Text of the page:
Taking all of the perspectives into consideration, you presented dozens of possible names to us and we considered each of them, one by one. We also conducted trademark and other research to check whether the names we liked would have problems in any of the countries where we do business. Some potential names were disqualified, so we had to go back to square one.

Mr. Taruma:
At this stage, you proposed using light as a key word. Your request inspired us to engage in a more conceptual brainstorming process, which yielded a cascade of possibilities, without regard to the company’s business content, products, or previous names. Finally, the name “Orbray” – combining “orb (sphere)” and “ray (light)” – emerged.

Design as Homage to Cutting, Grinding, and Polishing:
Our Precision Processing
Technologies for Specialty Materials

Pres. Namiki:
What kind of thoughts did you infuse into the design of the logo?

Mr. Taruma:
Soon after you asked me to consider a new company name and logo, I looked at your website and found words and ideas that I would never have encountered without this project. For example, the website explains about precision processing technology. I was very impressed by the preciseness the company has pursued. The three words that were the most outstanding on the website – cutting, grinding, and polishing – were so graceful that they preoccupied me throughout the design process. Another important factor for me was the company’s long history. I wanted the name and logo to signify the stability and trustworthiness that such a long-established entity has attained.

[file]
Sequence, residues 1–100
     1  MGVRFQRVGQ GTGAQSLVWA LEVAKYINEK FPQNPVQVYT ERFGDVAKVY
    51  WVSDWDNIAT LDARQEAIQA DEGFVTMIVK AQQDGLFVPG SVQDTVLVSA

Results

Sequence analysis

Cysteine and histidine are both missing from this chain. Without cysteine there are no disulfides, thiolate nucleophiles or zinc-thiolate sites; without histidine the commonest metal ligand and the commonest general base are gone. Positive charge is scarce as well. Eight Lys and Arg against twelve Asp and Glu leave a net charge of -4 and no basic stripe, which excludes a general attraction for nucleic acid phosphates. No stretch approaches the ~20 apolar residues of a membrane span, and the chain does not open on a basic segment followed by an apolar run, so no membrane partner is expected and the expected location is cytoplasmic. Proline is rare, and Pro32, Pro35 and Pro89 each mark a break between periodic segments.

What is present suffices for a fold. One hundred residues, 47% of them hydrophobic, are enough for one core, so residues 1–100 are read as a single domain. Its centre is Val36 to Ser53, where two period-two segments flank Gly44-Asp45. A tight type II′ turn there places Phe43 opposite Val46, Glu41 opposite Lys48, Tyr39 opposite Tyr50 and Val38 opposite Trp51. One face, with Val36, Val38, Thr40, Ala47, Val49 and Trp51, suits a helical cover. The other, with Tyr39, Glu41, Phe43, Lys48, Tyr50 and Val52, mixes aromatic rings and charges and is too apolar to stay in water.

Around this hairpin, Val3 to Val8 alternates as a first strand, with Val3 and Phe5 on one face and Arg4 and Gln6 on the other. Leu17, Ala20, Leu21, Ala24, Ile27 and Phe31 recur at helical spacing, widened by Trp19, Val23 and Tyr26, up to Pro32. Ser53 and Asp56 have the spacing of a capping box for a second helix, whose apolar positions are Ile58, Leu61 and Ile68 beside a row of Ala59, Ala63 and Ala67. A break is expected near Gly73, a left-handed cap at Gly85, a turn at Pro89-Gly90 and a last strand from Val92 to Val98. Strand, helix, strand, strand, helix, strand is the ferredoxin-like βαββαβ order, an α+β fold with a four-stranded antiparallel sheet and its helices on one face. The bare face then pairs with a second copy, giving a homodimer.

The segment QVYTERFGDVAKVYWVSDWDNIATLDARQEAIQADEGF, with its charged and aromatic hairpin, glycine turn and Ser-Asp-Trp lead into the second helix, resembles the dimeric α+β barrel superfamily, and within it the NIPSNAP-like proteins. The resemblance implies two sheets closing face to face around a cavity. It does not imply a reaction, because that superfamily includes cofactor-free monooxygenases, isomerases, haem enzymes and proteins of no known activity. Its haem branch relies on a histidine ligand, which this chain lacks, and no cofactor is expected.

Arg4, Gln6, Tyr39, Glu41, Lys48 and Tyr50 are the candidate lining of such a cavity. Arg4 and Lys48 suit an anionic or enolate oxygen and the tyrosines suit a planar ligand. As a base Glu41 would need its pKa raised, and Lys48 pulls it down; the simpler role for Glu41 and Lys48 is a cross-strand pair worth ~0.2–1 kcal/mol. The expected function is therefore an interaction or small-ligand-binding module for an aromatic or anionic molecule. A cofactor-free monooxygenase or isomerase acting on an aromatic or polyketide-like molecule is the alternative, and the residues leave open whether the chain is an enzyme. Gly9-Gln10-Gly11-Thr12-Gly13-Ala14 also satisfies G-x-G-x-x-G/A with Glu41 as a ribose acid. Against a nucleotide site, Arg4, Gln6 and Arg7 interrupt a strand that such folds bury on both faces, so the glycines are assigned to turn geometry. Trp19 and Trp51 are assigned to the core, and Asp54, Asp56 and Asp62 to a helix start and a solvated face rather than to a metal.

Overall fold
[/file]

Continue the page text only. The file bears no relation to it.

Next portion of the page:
In working out the logo design, I used the short length of “Orbray” to take advantage of the round shapes of the letters. In addition, I wanted the logo to reflect the beauty and strength of jewels and the company’s excellence in “cutting, grinding, and polishing” technology. Overall, I strove to make the logo graceful and elegant. To do so, I slenderized and sharpened parts of the logo to the furthest extent possible while still maintaining legibility.

To convey strength, I thickened and emboldened other parts. Regarding color, I chose deep blue to give the logo further strength and depth.